Program Administrator

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Rachel Jackson

Rachel Jackson is the Program Administrator of the Human Rights Institute.

Ms. Jackson has a passion for both public service and academe and has been with the Human Rights Institute since 2003. In the past she has served as an AmeriCorps *VISTA with the Jumpstart program at the University of Pittsburgh and as a department secretary at the Graduate Faculty at New School University.






Graduate Assistants Fall 2012 to Spring 2014

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Tina Chiarelli-Helminiak

Tina M. Chiarelli-Helminiak
Doctoral Student at the University of Connecticut School of Social Work

Human Rights Institute Graduate Assistant for Undergraduate Programs in Human Rights

Tina is working on her dissertation focused on burnout among forensic interviewers. Tina has extensive practice experience working with survivors of domestic violence, sexual assault, and child abuse. Her greatest professional achievement is leading the development of a children's advocacy center providing community-based services in rural north Georgia. Tina has taught in the UConn MSW and human rights undergraduate programs and in the social work undergraduate program at Shippensburg University. Tina received her B.A. in Social Work from Shippensburg University (1999) and an MSW from Marywood University (2002), where she was the first social work student to receive the Sister M. Eva Connors Peace Medal.

Tina can be contacted at 860-486-8739 or




Nicole White

Nicole White


Nicole White
Doctoral Student in the Department of Literatures, Cultures and Languages

Human Rights Institute Faculty Liaison

Nicole is working on her dissertation on intercultural approaches to literature from Germany. She argues that literature from Germany is multifaceted and cannot be described by using only the attribute "German."  The aesthetics of different literary works are more important than the biographies of their authors. The common denominator of the works she chooses to exemplify her theory does not lie in the intercultural background of the authors but of the interculturality within the works. Interculturality here evolves through the loss of old and familiar horizons through travel, voluntary immigration and expulsion and the following widening of old and gain of new horizons. Nicole has taught German language, civilization, and literature classes in Germany, Montenegro and at UConn. Nicole received her MA in Political Science (Development Policy), Modern History and Comparative Literature from the University Bonn, Germany (2007) and studied transitions to democracy at Charles University, Prague, Czech Republic (2004-05).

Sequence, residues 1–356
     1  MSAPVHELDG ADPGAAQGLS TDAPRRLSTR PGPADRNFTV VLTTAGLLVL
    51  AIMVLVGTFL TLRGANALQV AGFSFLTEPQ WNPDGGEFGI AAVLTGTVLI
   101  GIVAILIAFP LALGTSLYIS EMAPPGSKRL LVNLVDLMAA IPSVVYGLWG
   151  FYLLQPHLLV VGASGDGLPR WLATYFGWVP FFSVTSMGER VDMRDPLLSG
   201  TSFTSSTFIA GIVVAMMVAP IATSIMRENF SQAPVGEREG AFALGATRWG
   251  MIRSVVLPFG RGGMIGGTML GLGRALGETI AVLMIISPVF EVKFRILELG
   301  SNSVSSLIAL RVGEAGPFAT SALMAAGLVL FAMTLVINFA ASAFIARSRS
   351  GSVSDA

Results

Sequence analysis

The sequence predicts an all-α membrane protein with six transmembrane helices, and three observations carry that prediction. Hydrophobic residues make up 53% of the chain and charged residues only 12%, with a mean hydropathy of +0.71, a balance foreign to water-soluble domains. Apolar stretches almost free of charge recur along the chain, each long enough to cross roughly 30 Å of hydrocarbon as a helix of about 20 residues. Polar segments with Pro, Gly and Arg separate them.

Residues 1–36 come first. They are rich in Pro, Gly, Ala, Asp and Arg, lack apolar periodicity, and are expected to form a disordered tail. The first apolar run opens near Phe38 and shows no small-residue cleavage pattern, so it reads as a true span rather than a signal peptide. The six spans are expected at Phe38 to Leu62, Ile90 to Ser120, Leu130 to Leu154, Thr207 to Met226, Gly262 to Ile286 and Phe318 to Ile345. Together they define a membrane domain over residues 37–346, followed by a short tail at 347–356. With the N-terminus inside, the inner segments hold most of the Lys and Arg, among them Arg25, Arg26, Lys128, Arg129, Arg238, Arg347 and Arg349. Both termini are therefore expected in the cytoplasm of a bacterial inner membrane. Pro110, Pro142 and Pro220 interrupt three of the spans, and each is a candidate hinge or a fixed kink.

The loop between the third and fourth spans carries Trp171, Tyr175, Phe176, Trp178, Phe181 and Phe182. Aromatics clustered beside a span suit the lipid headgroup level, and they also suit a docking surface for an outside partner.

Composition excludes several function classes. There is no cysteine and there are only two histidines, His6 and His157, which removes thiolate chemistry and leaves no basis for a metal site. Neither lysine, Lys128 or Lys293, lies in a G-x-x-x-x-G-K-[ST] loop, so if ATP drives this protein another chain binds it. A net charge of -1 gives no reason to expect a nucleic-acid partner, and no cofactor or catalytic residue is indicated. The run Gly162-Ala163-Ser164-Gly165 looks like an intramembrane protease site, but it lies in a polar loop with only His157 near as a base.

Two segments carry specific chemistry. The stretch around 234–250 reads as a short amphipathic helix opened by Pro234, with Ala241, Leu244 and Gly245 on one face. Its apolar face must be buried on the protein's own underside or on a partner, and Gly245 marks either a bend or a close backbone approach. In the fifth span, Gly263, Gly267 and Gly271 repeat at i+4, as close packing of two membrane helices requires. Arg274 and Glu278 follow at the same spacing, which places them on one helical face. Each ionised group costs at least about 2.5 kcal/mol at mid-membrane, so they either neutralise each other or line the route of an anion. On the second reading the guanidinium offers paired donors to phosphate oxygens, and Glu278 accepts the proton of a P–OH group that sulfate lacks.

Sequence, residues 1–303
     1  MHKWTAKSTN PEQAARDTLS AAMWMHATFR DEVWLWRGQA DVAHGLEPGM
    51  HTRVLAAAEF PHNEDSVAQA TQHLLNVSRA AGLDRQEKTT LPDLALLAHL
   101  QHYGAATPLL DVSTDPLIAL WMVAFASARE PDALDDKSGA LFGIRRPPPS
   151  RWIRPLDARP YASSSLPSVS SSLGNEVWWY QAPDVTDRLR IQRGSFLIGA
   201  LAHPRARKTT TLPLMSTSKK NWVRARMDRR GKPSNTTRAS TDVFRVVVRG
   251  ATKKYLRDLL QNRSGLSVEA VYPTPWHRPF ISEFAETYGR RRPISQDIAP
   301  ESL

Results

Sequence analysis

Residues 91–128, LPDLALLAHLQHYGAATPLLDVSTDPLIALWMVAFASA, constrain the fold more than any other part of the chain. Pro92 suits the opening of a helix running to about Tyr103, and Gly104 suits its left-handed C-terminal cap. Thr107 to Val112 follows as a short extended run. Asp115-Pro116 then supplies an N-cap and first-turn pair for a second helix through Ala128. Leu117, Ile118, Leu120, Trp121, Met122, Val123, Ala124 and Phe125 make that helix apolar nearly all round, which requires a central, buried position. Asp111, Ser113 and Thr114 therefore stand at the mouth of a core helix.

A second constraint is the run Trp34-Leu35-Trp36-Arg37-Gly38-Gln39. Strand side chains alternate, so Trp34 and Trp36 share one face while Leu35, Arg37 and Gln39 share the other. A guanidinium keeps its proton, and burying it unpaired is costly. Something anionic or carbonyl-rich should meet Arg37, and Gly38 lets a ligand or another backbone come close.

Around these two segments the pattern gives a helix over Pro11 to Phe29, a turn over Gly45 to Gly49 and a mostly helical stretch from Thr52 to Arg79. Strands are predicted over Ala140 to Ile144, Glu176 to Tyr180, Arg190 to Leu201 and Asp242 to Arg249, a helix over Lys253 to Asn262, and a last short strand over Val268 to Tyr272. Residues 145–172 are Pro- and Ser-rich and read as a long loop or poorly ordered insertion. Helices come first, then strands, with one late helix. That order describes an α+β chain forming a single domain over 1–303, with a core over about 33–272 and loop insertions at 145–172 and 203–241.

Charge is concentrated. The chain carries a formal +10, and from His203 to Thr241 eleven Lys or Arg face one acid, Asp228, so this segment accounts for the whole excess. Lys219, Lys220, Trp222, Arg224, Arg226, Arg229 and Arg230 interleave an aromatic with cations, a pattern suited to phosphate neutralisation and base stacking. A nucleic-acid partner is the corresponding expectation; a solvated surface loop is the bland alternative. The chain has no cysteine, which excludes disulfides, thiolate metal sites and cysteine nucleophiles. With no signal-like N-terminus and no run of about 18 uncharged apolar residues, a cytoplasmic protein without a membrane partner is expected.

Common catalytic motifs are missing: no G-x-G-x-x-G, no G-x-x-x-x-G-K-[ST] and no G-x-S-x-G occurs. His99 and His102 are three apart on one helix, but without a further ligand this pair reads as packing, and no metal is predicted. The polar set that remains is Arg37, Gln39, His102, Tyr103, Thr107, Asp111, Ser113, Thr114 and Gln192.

Dan Tags

Daniel Tagliarina



Daniel Tagliarina
Doctoral Student in the Department of Political Science

Human Rights Institute Graduate Liaison

Dan is working on his dissertation about the New Christian Right’s use of rights to advocate for school prayer in public schools. In his dissertation Dan argues that the New Christian Right uses a secularized version of rights to integrate religion, specifically prayer, into public schools. However, the nature of the rights talk employed works to minimize the religious devotional nature of prayer, treating prayer not as sacred but merely as free speech. Moreover, the New Christian Right’s rights talk expresses fear and anxiety over the loss of power and privilege in society that the group believes it once had. Dan’s dissertation addresses how this rights mobilization, and the arguments emerging from the New Christian Right’s fears, has widespread implications for rights and American socio-political culture. Dan is the co-editor of Teaching Politics Beyond the Book: Film, Texts, and New Media in the Classroom, a volume about bringing in “non-traditional” sources into the college classroom to teach political concepts.




Jack Barry


Jack Barry
Doctoral Student in the Department of Political Science.

Human Rights Institute Publicity Liaison

Jack is working on his dissertation on the impact of Information Communication Technology (ICT) on governance and poverty in developing countries. In his dissertation he argues that ICT allows for enhanced social capital, political mobilization and increased economic opportunities for those in poverty, yet governance is an often overlooked factor in determining the actual impact of ICT on the poor. In the last chapter of his dissertation Jack argues for a conceptualization of ICT as an instrumental human right. His work has been published in the journals of Third World Quarterly, Contemporary Politics and as a chapter in a forthcoming Routledge press book on Digital Media in Latin America.